Vermont’s favorite son, Senator Bernie Sanders, has a long history of saying strange things, comments that cast a shadow on his current spin that the socialism he favors is a “democratic” one.
He really is (or has been) quite extreme, extremist.
How extreme? He is against charity. You know, private aid provided to alleviate private suffering.
“I don’t believe in charities,” said Mayor Sanders, bringing a shocked silence to a packed hotel banquet room. The Mayor, who is a Socialist, went on to question the “fundamental concepts on which charities are based” and contended that government, rather than charity organizations, should take over responsibility for social programs.
How telling is that?
What many of us have long suspected about anyone calling himself a socialist is that, in his heart of hearts, he really is against any degree of freedom.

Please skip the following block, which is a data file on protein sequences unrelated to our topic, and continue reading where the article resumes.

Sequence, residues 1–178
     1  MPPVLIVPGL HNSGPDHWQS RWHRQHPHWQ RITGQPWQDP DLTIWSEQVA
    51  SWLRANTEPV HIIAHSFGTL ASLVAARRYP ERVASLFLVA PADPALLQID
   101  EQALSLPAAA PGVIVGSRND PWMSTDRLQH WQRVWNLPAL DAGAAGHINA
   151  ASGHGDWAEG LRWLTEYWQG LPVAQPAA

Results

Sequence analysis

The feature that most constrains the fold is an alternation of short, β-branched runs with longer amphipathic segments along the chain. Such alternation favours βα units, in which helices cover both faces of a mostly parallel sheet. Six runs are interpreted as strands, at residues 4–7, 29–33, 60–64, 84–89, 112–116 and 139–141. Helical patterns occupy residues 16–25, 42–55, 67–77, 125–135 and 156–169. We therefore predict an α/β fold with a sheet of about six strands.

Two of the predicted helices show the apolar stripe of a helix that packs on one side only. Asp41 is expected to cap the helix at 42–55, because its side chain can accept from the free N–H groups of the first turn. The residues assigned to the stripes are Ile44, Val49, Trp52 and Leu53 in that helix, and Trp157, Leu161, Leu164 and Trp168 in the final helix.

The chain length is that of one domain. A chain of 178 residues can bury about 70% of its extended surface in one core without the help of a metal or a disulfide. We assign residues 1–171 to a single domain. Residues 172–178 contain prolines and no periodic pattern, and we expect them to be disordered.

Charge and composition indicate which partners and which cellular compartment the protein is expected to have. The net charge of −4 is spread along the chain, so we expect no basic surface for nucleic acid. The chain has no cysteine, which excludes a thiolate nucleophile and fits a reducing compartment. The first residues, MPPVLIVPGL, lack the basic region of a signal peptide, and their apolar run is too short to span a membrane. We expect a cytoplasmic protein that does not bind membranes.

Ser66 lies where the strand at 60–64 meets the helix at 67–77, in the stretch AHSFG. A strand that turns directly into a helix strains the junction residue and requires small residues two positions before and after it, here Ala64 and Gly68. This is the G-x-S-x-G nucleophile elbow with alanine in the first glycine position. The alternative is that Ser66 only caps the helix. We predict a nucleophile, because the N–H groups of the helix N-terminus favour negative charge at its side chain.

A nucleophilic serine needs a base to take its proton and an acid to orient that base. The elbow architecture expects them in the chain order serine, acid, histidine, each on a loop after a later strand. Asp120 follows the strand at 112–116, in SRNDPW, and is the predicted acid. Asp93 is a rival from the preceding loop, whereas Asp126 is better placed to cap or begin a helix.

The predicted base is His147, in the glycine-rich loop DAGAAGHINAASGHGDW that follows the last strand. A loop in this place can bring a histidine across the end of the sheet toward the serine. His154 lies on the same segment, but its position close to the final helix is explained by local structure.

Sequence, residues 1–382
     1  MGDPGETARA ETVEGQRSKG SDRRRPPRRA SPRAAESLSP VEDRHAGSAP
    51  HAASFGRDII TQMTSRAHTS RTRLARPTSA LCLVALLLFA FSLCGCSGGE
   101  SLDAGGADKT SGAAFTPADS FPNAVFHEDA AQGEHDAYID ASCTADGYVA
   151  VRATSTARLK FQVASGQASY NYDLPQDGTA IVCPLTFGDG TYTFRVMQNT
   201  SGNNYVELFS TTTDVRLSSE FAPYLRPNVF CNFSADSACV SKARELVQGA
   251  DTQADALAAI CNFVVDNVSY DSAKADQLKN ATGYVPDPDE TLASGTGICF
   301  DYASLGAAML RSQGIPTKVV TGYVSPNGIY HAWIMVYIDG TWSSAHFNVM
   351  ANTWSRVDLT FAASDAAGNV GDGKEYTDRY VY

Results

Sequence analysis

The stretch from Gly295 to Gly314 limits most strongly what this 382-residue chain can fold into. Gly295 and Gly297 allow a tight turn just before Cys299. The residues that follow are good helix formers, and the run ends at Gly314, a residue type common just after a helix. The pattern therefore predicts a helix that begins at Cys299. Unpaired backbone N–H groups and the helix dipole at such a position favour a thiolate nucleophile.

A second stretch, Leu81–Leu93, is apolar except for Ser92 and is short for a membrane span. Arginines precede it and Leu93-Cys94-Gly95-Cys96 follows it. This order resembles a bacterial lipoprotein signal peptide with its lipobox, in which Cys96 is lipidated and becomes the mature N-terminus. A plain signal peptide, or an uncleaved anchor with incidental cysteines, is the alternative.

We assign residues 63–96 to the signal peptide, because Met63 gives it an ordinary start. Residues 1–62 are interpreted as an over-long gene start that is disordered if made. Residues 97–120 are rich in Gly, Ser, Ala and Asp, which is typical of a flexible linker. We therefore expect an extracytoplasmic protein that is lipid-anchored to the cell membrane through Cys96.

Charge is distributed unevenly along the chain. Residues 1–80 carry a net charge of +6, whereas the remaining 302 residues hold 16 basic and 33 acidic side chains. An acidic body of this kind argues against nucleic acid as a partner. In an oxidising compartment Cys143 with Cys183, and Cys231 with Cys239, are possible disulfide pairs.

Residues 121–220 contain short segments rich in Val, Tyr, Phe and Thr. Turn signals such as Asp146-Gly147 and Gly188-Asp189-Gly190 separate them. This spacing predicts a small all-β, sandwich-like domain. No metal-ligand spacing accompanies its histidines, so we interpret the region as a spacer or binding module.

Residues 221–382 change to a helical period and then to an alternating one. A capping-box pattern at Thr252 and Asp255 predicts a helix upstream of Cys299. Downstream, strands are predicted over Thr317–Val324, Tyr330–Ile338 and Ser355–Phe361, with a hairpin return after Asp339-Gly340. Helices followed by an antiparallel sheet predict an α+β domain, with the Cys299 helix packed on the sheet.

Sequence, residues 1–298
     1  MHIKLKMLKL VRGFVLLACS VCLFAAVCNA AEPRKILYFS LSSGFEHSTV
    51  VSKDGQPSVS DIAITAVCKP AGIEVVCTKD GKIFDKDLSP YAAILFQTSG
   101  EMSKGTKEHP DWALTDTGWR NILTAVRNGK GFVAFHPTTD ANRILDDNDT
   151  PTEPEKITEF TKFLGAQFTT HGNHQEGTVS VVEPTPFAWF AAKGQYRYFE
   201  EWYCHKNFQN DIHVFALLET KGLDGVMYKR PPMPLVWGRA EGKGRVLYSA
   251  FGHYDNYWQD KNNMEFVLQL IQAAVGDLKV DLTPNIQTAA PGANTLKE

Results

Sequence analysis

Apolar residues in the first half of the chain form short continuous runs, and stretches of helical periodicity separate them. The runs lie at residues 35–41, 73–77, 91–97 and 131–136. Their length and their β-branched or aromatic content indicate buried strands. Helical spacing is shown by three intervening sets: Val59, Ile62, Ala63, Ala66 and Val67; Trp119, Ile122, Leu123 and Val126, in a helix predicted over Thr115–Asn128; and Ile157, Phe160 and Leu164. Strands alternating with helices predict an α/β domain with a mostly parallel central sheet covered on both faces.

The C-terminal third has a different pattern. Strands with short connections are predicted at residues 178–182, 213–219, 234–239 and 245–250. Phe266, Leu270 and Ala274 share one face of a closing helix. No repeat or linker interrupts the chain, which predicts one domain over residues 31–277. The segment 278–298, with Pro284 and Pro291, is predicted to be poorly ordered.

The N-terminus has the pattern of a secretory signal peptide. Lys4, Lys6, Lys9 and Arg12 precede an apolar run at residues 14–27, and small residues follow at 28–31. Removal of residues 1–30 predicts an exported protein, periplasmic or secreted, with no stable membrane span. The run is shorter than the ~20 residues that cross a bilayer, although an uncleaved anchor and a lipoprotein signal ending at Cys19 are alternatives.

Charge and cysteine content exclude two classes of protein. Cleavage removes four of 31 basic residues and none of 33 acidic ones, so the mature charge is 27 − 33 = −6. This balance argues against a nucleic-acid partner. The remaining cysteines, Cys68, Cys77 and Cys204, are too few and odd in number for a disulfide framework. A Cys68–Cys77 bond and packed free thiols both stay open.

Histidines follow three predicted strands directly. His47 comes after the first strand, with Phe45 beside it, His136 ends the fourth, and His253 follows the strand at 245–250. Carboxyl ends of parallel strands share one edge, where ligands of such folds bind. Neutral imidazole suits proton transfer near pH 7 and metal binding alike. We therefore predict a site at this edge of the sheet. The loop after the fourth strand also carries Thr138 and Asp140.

The free society alternative, on the other hand, is the common sense policy: we all do the good that makes sense to us, each act or operation judged by our differing metrics, investing our time and money as we see fit.
This allows for innovation and speedy adaptation to changing needs.
Bernie, on the other hand, figures everything has to be centrally organized and taxpayer-funded. That’s not merely a good definition of socialism, it’s creeping totalitarianism . . . and not the least bit charitable.
This is Common Sense. I’m Paul Jacob.
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Photo credit: Marco at Flickr